Let’s Preserve the Findhorn Hinterland

Local residents and visitors to the beautiful Findhorn Hinterland adjoining the Findhorn Foundation Ecovillage are invited to share their dream for how this area of dunes, woods and wild spaces could be protected, managed and used in a way that benefits all.

An aerial view across Findhorn Bay to the Findhorn Hinterland

An aerial view across Findhorn Bay to the Findhorn Hinterland

The invitation is to drop in at the Findhorn Village Centre on Thursday 31 March between 10am and 12 Noon or between 4pm and 8pm. It’s a chance to learn more, to meet people who are passionate about the Hinterland and to express hopes and preferences.

Key questions to consider are what do you think of this special place? What do you value? And how do you wish this area to be cared for? The Findhorn Hinterland (the former Wilkie Estate) comprises land east of the Findhorn Village and to the north of the Foundation community and Ecovillage, extending to the western boundary of Kinloss Barracks, the former RAF station. To the north, the boundary is the Moray Firth coastline.

The Findhorn Hinterland Trust is a new charity dedicated to protecting and improving the local environment and has received funding from the National Lottery through the Heritage Lottery Fund to develop a vision for how this land can be managed in an integrated way for the benefit of the public and local environment.

The Findhorn Hinterland is popular with conservation and educational groups

The Findhorn Hinterland is popular with conservation and educational groups

The current owners of this land are the Findhorn Foundation, Findhorn Dunes Trust and Duneland Ltd and are fully supportive of the trust’s initiative.

Already this nationally important area with its unique habitats is enjoyed by local and visiting nature enthusiasts, families, children and conservation and educational groups, also appealing strongly to hikers, dog walkers, cyclists and horse riders.

It spans around 130 hectares and includes the Wilkies Wood Green Burial Ground that is being developed into a tranquil and welcoming woodlands space for people and wildlife. Just a decade ago the burial site was a scene of devastation when many trees toppled during a severe storm and it has now become a peaceful place that is progressively being replanted with indigenous pine and broadleaf trees.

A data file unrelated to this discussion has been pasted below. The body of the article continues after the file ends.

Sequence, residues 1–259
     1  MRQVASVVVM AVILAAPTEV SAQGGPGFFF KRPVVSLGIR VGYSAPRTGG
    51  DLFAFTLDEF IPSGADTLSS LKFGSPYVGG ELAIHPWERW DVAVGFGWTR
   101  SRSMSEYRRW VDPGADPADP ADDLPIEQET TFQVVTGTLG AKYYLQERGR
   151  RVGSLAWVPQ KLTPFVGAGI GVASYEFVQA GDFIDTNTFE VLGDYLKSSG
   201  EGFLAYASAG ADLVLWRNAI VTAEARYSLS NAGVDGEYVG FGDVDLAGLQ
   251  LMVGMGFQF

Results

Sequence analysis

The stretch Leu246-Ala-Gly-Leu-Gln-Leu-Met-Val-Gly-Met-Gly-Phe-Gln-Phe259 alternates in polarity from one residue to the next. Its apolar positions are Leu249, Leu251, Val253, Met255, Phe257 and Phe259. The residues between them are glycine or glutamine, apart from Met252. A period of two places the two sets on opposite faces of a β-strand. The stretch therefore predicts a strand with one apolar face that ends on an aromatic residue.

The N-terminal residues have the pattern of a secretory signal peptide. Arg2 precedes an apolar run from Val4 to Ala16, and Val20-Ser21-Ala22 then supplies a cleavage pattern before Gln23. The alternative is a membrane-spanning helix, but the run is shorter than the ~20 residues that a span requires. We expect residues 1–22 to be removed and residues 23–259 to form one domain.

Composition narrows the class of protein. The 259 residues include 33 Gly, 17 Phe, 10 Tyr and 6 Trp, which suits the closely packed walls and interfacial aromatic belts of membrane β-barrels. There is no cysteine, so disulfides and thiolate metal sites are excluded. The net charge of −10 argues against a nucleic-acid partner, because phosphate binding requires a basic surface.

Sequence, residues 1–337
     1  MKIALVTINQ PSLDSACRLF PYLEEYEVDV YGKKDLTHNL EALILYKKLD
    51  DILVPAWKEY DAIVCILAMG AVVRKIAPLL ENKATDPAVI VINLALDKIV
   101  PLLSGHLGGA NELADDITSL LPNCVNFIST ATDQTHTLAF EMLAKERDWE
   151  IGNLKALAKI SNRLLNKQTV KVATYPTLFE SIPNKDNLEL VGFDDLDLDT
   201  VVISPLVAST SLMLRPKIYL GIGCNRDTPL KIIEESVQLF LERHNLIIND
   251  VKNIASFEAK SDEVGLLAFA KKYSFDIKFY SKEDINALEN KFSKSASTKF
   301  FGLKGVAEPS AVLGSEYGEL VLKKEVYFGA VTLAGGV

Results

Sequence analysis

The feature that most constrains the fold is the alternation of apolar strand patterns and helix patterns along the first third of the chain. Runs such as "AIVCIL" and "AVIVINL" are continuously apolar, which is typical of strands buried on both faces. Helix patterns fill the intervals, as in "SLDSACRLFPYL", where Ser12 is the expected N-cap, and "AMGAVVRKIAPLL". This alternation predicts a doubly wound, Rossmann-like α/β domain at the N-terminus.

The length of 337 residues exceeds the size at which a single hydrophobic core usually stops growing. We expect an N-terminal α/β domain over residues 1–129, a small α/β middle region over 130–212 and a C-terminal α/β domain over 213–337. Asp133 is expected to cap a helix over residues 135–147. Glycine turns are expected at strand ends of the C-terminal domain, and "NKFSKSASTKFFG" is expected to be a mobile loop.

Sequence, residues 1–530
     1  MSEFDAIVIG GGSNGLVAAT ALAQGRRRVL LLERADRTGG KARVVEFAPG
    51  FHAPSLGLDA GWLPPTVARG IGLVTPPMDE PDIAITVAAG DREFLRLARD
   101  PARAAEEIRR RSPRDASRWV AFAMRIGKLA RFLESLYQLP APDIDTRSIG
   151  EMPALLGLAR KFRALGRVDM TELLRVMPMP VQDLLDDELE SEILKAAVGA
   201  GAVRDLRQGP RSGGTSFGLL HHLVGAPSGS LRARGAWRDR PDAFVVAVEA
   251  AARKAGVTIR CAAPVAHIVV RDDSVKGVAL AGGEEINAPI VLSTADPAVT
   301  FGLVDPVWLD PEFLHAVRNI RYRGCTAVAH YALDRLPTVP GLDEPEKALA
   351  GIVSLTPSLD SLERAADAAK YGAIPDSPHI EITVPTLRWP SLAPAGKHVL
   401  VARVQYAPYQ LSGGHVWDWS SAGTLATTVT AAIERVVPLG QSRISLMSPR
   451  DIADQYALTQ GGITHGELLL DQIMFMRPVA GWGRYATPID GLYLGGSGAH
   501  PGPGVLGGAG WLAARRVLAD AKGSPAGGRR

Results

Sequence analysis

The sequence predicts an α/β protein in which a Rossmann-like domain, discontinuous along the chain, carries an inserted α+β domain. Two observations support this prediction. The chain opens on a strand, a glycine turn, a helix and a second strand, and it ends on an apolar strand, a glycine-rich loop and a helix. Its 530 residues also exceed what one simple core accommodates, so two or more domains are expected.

Jonathan Caddy with Bess

Jonathan Caddy at home in the Findhorn Hinterland where he played as a boy

Jonathan Caddy, chair of the Hinterland Trust, insists: “We have a jewel of a landscape in our backyard at Findhorn – a jewel worth recognising, caring for and valuing. That’s why I am passionate about seeing the right thing happen for this piece of land.”

He recalls that in the early days there were ‘Keep Out Private Property’ signs, although they didn’t deter his boyhood explorations of the woods and wild lands, leading to a lifelong love affair with nature.

“Along with many locals and visitors I greatly value the open land here on our doorstep and not just because it is a rare and diminishing landscape in the UK, but more because it is a place where I can nourish my mind and soul. To wander to the sea over this open, diverse and wild land is a delight. No wonder I feel inspired to care for this unique backyard.”

As pressure from people and ecological change increasingly impact the area, he and others feel a need to conserve the Hinterland and use it sensitively to inspire and nourish others far into the future.

Regular work meets provide an opportunity to get to know the woods and wild spaces

Regular work meets provide an opportunity to get to know the woods and wild spaces

There is a feeling that the Findhorn Hinterland should be legally protected as an important component of a coastline that is recognised to be of international importance for wildlife. Nearby Findhorn Bay hosts a variety of local and migratory birds and enjoys inclusion in an international cooperation to conserve wetlands. The Bay and adjoining Culbin coast and woods also share status as Sites of Special Scientific Interest (SSSI).

Interested parties are invited to join the Findhorn Hinterland Trust – membership is free and takes only a few seconds on their website.

Geoff Dalglish

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